Conservation ConversationsWildlife



Armed Conflicts pose a significant but under-recognised threat to thousands of mammals and bird species, according to a new study published in the journal, Conservation Letters. Scientists found that conflicts between 1989-2018 occurred within at least 4291 terrestrial mammals and 9056 bird species and these conflicts have led to wildlife population declines across the world.

The study was conducted by researchers from Wildlife Conservation Society-India (WCS-India), Nature Conservation Foundation (NCF), Indian Institute of Science (IISc), and Panthrea. This was done by analysing maps of regions of armed conflicts, species geographical range maps, and information on conservation threats to terrestrial mammal and bird species across the world.

Direct threat to certain species is likely when African Elephants were been hunted for meat and ivory (potentially to fund terror groups) by conflicting parties in Mali and Congo. Further, the Eastern Lowland Gorillas were killed by Landmines in Rwanda. Habitat loss and degradation during conflicts are common and even after their cessation.

The authors overlaid species range maps and conflict maps to find out the number of mammal and bird species having geographic overlap with conflict over the 30-year period. They found that the geographical ranges of at least 4,291 mammal and 9,056 bird species overlap with regions that experienced armed conflicts during this period. About one-fifth of these species showed widespread overlap with conflict, meaning that conflicts extended over at least half of their geographic ranges. 

For around 225 mammal and 390 bird species, conflicts were not just widespread, but also persisted over 15 years or more.


The authors of this study also extracted information on species population trends and conservation threats from the IUCN Red List of Threatened Species, and examined relationships between population trends, conservation threats, and species geographical overlap with armed conflicts. They found that overlap with conflict was closely associated with population declines, particularly for species recognised by the IUCN as being at risk of extinction. 


They also found that species overlapping with armed conflicts were more likely to face threats from hunting, deforestation, and various forms of habitat degradation.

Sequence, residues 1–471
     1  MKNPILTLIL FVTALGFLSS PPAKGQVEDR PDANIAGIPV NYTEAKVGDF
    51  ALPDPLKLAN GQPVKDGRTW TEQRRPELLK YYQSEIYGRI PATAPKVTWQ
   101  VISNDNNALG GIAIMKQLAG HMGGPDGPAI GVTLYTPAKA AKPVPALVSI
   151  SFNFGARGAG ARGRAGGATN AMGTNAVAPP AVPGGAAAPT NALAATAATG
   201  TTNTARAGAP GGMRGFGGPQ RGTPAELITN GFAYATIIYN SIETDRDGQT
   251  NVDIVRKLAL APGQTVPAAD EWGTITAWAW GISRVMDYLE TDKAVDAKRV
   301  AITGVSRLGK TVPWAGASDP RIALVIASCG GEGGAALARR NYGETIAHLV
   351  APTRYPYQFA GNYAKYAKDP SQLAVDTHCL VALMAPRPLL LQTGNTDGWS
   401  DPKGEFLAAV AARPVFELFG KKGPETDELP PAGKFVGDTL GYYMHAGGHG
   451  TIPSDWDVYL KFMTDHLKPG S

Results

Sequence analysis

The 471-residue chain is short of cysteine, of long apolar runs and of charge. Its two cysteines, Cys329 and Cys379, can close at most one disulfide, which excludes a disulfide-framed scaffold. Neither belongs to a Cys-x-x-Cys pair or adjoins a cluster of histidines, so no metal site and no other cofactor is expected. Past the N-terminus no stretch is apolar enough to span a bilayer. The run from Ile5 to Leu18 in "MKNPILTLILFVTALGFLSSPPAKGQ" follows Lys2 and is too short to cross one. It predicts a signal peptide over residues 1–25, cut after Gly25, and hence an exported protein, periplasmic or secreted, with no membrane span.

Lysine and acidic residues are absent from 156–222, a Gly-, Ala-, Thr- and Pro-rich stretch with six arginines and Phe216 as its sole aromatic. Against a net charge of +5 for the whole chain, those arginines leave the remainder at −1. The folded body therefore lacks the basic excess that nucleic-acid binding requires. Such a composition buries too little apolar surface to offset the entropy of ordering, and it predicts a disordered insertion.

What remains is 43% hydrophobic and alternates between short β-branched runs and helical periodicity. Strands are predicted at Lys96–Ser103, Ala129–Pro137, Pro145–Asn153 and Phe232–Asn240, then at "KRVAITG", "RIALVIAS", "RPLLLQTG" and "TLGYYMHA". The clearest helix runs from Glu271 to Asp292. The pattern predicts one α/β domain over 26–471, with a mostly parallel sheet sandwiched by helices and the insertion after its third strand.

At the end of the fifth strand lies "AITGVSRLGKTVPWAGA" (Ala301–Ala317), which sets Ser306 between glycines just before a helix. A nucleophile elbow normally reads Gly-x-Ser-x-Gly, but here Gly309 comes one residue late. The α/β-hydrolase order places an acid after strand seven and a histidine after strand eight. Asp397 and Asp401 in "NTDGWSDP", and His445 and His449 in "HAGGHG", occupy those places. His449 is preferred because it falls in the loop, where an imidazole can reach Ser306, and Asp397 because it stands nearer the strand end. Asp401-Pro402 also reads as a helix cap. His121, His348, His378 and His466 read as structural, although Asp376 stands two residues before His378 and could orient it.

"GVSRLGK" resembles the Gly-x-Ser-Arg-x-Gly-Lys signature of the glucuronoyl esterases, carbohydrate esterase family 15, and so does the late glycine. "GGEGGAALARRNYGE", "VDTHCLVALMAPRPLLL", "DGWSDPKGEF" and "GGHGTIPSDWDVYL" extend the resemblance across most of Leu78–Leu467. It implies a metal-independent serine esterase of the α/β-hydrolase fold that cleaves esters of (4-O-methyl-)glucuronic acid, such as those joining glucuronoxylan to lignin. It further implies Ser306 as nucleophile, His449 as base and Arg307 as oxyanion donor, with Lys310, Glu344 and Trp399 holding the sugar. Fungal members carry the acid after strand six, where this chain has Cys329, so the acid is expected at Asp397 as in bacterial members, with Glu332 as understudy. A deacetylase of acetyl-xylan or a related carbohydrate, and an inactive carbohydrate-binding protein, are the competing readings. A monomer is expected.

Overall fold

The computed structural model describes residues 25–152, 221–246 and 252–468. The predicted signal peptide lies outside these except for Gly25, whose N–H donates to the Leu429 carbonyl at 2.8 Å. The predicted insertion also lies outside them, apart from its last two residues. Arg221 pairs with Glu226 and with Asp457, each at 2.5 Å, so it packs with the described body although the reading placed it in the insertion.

According to Uttara Mendiratta, lead author and Head of Counter-wildlife Trafficking at WCS-India, the findings call for greater recognition of the armed conflict threat to wild species. She adds, “In agreement with our findings, the IUCN independently just published a report referring to armed conflicts as an under-recognised threat to biodiversity. So hopefully a re-examination of species conservation assessments with closer attention to threats from conflict would follow.”


Results of the study also underscore the importance of viewing conflict not as a single threat but instead one that could potentially lead to or intensify various other threats to wildlife. “While gunfire and landmines are perhaps the most visible direct threats to wildlife, the more insidious threats arising from the displacement of human populations and disruption of socio-economic institutions in conflict regions should not be ignored,” says Mendiratta.

Lead author Mendiratta and other authors – Anand M Osuri, Sarthak J Shetty and Abishek Harihar emphasised that the range of direct and indirect threats would need to be understood and addressed at multiple levels for effectively conserving species affected by armed conflicts.  

(Image credit for Eastern Lowland Gorilla: Joe McKenna, San Diego, California and Dead African Elephant, Bernard Dupont, France – Wikimedia Commons)